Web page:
Understanding Creutzfeldt-Jakob disease

Creutzfeldt-Jakob disease
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Creutzfeldt-Jakob disease is a rare, degenerative, fatal brain disorder. It affects about 1 person in every 1 million per year worldwide, and about 350 cases are diagnosed per year in the U.S., according to the National Institute of Neurological Disorders and Stroke.

The cause of Creutzfeldt-Jakob disease appears to be abnormal versions of a type of protein called a prion. Normally these proteins are produced in the body and are harmless. But when they're misshapen, they become infectious and can harm normal biological processes.

Signs and symptoms of Creutzfeldt-Jakob disease can be similar to those of other dementialike brain disorders, such as Alzheimer's disease. But Creutzfeldt-Jakob disease usually progresses much more rapidly.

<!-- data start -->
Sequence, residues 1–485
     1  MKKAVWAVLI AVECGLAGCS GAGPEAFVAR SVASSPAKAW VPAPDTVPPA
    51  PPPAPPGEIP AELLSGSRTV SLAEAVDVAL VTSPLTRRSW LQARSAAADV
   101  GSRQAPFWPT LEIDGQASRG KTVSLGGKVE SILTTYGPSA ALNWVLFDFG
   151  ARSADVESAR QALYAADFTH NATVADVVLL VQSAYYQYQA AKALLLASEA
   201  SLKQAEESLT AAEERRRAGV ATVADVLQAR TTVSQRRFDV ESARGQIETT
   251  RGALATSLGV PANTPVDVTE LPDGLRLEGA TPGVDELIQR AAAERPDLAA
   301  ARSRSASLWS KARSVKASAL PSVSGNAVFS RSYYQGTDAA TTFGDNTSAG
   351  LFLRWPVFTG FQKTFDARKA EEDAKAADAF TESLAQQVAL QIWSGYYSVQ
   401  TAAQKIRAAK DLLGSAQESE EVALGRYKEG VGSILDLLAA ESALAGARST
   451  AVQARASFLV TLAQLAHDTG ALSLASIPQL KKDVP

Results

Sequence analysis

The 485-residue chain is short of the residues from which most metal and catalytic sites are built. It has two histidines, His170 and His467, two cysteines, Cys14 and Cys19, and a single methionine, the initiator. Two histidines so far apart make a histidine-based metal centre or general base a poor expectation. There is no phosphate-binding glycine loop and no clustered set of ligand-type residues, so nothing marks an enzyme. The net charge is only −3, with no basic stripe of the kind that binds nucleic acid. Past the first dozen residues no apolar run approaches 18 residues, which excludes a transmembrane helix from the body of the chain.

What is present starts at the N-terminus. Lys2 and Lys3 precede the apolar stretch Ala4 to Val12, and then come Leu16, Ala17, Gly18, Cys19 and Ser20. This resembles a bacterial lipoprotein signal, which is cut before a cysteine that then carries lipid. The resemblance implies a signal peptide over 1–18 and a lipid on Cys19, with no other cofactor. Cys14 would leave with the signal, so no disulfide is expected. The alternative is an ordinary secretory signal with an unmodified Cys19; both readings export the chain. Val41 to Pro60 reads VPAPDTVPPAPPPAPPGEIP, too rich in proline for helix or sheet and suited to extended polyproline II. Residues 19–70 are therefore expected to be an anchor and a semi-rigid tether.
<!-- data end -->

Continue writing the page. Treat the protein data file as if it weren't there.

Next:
Early signs and symptoms typically include:

  • Personality changes.
  • Memory loss.
  • Impaired thinking.
  • Blurred vision or blindness.
  • Insomnia.
  • Incoordination.
  • Difficulty speaking.
  • Difficulty swallowing.
  • Sudden, jerky movements.

As the disease progresses, mental symptoms worsen. Most people eventually fall into a coma. Heart failure, lung failure, pneumonia or other infections are generally the cause of death, which usually occurs within a year.

Treatment of Creutzfeldt-Jakob disease focuses on relieving pain and other symptoms.

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Citation: Understanding Creutzfeldt-Jakob disease (2022, April 25) retrieved 20 April 2024 from https://medicalxpress.com/news/2022-04-creutzfeldt-jakob-disease.html
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